The family caregiver is responsible for and impacted by the practical, physical, emotional, financial, social, and medical needs and limitations of a chronically ill, disabled elderly or frail family member or other loved one.

When you’re a Caregiver

Caregiving takes on many faces. Each situation is unique. One may be caring for a parent, spouse or an adult child with disabilities. A caregiver may be an only child or perhaps have physical or mental limitations of his or her own – yet have full responsibility for the care of another. The care receiver may be close by or live thousands of miles away.

Many of us will first enter caregiving in a time of crisis. For others, there is ample warning of the coming need for help – perhaps due to a chronic condition or severe injury. As the caregiving role is assumed, the caregiver will be asked to respond to many new activities and circumstances. In order to meet the challenge on a continuing basis:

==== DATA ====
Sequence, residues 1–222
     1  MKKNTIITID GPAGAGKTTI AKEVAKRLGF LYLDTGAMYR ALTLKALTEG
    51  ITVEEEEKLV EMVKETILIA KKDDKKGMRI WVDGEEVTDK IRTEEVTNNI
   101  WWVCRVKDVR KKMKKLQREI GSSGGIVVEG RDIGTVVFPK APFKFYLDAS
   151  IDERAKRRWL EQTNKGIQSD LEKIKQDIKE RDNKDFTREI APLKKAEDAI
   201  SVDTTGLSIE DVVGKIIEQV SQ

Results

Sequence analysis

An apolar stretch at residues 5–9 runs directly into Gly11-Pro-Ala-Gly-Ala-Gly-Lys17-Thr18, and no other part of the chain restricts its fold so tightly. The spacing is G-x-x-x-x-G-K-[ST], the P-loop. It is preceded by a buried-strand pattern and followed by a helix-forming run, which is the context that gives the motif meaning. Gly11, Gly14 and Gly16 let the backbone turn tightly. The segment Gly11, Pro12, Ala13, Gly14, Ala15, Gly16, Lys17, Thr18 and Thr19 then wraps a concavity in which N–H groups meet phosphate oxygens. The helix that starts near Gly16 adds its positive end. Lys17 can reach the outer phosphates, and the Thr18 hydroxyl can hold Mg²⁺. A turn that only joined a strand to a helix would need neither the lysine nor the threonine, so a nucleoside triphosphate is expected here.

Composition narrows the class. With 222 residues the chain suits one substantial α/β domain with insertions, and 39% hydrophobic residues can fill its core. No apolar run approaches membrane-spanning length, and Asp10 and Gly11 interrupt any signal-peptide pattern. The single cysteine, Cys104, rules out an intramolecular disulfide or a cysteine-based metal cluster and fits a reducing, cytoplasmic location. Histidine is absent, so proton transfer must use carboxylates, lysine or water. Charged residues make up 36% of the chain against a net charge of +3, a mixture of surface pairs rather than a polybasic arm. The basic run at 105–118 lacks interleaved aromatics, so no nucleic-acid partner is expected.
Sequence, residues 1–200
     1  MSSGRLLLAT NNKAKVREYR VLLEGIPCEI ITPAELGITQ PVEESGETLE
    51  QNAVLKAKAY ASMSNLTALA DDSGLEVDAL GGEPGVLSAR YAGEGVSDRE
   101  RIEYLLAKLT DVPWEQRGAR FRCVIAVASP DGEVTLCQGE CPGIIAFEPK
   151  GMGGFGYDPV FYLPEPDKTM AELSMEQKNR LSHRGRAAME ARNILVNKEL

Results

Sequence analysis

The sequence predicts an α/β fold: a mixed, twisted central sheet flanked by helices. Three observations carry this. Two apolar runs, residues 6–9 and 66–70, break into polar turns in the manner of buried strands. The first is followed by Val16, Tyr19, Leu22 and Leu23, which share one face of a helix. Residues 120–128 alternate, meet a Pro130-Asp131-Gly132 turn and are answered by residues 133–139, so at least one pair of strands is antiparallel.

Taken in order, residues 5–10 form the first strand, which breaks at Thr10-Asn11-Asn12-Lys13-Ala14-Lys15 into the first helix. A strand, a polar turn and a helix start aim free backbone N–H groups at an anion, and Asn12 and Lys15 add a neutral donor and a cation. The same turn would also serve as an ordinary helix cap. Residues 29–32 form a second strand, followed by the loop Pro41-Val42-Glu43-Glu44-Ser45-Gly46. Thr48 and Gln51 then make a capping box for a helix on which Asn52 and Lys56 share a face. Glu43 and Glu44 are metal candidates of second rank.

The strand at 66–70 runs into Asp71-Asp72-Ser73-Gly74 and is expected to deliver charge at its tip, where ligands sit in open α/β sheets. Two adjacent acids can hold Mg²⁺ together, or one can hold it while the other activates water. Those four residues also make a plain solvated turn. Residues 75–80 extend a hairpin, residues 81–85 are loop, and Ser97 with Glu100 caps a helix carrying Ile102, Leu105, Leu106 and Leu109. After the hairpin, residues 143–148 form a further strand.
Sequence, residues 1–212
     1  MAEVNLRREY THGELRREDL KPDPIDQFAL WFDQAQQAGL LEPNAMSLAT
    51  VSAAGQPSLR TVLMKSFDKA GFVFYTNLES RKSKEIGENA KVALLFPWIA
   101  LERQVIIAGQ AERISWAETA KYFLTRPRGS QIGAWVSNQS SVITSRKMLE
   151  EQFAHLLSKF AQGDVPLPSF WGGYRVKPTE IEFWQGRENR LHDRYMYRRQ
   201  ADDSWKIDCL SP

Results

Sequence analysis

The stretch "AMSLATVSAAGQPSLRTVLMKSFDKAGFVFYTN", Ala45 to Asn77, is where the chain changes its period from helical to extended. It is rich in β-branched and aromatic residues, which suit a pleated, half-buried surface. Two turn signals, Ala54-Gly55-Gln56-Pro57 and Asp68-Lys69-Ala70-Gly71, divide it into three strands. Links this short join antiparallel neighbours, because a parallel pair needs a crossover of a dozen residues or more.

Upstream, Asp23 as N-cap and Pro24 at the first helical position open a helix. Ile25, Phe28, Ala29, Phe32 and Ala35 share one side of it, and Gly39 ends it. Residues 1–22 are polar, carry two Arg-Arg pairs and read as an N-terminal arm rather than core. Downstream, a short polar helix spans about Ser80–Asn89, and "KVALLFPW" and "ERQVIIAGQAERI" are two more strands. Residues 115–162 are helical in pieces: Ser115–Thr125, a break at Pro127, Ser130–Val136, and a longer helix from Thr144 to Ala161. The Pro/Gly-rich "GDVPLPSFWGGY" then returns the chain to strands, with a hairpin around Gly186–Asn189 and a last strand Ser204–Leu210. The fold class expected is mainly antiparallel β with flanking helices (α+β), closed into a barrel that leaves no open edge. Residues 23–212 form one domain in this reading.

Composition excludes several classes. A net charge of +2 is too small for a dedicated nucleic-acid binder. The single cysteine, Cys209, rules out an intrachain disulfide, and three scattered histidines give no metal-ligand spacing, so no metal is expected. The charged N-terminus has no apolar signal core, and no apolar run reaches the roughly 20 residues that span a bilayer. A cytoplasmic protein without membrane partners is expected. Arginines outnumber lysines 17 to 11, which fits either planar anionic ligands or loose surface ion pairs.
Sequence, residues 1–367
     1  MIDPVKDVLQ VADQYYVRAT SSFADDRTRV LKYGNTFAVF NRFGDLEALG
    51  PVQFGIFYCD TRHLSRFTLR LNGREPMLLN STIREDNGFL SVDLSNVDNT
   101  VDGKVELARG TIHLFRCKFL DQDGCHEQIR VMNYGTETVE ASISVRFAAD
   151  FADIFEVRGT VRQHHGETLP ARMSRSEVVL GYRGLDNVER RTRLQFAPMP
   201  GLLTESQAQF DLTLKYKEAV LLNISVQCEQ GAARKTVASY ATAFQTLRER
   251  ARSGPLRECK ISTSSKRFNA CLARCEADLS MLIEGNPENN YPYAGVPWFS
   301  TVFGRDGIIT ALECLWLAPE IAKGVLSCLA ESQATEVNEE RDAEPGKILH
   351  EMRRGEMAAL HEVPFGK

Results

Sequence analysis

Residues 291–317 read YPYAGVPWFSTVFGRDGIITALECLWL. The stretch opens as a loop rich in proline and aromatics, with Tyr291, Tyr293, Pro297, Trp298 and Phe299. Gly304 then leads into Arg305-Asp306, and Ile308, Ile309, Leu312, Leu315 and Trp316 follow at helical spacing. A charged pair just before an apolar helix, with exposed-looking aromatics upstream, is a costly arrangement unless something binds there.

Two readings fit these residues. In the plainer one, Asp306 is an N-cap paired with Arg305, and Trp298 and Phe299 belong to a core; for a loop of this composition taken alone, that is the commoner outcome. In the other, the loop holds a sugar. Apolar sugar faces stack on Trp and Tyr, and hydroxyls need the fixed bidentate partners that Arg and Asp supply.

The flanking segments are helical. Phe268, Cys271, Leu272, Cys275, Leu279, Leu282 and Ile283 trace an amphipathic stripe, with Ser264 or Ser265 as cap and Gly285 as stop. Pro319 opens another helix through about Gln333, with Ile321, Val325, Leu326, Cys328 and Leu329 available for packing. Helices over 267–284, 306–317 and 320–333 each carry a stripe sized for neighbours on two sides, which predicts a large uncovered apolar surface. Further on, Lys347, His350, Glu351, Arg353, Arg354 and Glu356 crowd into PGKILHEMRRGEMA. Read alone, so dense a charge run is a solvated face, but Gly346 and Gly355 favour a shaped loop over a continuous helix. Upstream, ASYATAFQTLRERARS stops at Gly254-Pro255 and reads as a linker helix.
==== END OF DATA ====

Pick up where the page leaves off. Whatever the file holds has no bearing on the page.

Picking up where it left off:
• Caregivers need to know what the problems are and what can be expected
  • Caregivers need to know what can realistically be done about them
  • Caregivers need to know how to find the best information and services
  • Caregivers need to know how to find advice that can be trusted


We face change in our own way. Sometimes elders will cling to old ideas and issues of independence in what seems to be foolish or unsafe ways. Anger and denial are often present when things change and affect feelings and actions in unexpected ways.

Individuals diagnosed with a chronic illness find their own way to manage. Many times it is done by collecting information and strength from those around them and from past experiences. Sometimes, the response is heroic – sometimes, the choice is an unhealthy one. Most often, people and families work hard to make the best of an illness or disability by making accommodations and providing encouragement. Essentially living life to the fullest as much as possible is surely the goal. Caregiver and care receivers have a special relationship to one and the other. Remember, that each in their own way is a giver and a receiver of attention, kindness and love.